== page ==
Part II: nanoprinting with FluidFM
Recollection of 2022 publications using FluidFM technology
20 February, 2023by
Part II: nanoprinting with FluidFM
Ilaria Di Meglio

The year 2022 featured a total of 19 FluidFM publications and 3 reviews! In the first part of our recollection, we discussed reviews about FluidFM.

Here, we highlight publications that employed FluidFM for 3D printing at the nano- and microscale.

Discover 2022 publications using FluidFM for nanoprinting 

3D printing of nanopatterns to study platelet activation

Gurunath Apte and Michael Hirtz from the Karlsruhe Institute of technology develop an exciting new application of FluidFM technology: the fabrication of nanopatterns to study platelet activation. This study shows that nanoprinted surfaces enable the inhibition of platelet adhesion and subsequent activation on surfaces, revealing that nanopatterns can be utilized to extend the storage lifetime of platelet concentrates.

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3D printing of polymer structures, from the nano- to the microscale

Researchers from the lab of Michael Hirtz at Karlsruhe Institute of Technology in Germany show that FluidFM represents a powerful tool for 3D printing of micro- and nano-structures. The authors use FluidFM to print on surfaces with different wetting properties as well as integrate molecules with different functional groups – such as the fluorescent label rhodamine or the protein binding tag biotin - into the base polymer ink. This FluidFM-based approach can contribute to the development of 3D printing for biological applications.

Image and Text

Schematic of the printing process. Once the FluidFM Nanopipette is filled with functionalized adhesive ink, FluidFM can be used to 3D print different types of patterns (dots, lines, grids and squares) to generate micro- and nanostructures. Figure adapted from Berganza et al Polymers 2022 (License: CC-BY-4.0)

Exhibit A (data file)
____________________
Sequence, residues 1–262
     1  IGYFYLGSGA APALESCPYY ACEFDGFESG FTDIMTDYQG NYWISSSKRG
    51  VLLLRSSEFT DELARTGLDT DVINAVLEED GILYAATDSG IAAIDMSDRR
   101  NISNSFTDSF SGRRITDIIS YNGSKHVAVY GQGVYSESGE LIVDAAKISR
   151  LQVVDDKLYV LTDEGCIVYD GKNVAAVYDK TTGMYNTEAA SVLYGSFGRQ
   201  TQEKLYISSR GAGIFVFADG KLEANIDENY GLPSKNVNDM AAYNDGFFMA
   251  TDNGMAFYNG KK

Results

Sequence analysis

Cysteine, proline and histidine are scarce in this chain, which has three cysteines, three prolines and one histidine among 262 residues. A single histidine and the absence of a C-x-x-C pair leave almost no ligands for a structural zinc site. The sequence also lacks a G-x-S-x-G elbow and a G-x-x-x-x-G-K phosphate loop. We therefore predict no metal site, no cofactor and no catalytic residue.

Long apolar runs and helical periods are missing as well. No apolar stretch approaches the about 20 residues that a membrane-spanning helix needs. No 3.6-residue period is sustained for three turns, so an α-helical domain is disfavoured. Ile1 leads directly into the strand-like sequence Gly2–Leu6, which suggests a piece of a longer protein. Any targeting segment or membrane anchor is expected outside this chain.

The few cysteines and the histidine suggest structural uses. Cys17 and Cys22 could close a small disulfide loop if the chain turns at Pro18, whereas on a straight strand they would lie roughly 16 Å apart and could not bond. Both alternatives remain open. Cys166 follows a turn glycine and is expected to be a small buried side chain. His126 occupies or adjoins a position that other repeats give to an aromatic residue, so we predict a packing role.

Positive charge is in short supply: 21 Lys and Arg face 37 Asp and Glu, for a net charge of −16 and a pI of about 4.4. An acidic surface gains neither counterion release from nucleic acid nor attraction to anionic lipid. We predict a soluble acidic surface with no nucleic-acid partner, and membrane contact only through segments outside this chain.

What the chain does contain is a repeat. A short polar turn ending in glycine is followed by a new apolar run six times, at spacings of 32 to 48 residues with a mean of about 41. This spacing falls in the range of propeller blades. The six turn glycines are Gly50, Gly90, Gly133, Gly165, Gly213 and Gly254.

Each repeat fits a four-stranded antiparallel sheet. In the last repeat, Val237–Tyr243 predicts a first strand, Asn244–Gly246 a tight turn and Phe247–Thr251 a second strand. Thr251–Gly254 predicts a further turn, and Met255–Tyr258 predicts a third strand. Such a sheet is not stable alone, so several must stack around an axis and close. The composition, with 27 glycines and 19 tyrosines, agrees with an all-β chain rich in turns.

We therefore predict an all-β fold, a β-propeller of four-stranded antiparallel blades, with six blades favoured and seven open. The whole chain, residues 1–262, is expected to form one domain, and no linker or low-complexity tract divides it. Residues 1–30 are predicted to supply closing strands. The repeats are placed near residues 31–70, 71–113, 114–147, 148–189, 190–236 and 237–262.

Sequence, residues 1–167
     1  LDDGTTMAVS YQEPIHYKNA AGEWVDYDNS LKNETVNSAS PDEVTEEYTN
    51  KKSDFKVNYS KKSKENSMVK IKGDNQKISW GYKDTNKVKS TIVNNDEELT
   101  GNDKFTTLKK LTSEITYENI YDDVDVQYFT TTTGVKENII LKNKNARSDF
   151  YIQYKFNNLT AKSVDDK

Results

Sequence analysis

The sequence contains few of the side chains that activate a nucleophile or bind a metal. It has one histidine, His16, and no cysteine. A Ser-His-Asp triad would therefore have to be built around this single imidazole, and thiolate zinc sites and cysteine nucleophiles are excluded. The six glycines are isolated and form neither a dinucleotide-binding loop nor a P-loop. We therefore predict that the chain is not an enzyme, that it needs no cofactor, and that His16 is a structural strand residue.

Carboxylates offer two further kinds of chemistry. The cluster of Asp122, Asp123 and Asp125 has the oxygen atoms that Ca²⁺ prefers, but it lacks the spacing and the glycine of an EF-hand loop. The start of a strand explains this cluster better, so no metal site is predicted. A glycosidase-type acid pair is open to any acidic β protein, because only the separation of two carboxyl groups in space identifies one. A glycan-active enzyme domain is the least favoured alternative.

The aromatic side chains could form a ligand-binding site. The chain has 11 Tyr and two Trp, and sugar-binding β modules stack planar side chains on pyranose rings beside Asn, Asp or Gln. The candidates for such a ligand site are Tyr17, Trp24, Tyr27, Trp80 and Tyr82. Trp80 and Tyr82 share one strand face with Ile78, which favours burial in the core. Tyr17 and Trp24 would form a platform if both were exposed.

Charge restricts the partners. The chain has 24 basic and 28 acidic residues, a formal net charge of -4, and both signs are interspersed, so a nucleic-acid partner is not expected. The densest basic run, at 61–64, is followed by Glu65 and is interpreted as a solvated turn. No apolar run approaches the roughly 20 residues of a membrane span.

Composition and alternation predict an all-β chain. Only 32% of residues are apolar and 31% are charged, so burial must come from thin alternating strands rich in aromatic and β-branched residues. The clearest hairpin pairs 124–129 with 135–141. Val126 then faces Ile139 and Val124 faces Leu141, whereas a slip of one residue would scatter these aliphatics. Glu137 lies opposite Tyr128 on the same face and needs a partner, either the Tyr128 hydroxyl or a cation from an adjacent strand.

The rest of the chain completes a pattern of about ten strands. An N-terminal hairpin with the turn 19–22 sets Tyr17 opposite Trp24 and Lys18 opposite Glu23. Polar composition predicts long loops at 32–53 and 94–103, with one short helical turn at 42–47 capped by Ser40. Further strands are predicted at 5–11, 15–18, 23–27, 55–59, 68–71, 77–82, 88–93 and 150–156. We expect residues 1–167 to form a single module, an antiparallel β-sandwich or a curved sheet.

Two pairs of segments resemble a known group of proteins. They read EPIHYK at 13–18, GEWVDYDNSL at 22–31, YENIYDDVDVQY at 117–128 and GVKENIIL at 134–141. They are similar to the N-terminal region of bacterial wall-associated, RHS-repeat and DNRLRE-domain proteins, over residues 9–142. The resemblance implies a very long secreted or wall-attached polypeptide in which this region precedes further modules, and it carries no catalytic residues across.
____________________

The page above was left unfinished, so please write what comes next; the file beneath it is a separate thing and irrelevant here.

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Investigating how surface physicochemistry influences bacterial attachment and detachment

Fei Pan and colleagues combine simulations and experiments to investigate how bacterial attachment and detachment is impacted by PDMS substrates that have different degrees of crosslinking. FluidFM enables the authors to measure bacterial single cell adhesion forces, and combining experimental findings to simulations allows them to conclude that that the process of detachment in single bacterial cells is determined by substrate interfacial physicochemistry rather than the mechanical property of the substrate. 

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3D printing nanoscale polymeric structures

Pattison et al use FluidFM as a 3D printing platform to create 3D micro- and nanostructures of reactive polymer materials. FluidFM technology is used to deliver a crosslinkable polymer to a catalysed substrate where polymerization occurs very rapidly, which allows for construction of lines and patterns with multiple layers even at the nanoscale. This study highlights the promising use of FluidFM-based 3D nanoprinting for applications in device fabrication, optical systems and biotechnology.

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3D printing of metal microstructures

Shen and colleagues assess the ability of FluidFM as a method for electrochemical 3D printing of Ni-Mn and Ni-Co alloy structures, an application that enables fabrication of innovative products like metal microstructures. The authors demonstrate that FluidFM technology can be successfully used to manufacture highly dense metal microstructures that have uniform distribution of alloy components. 

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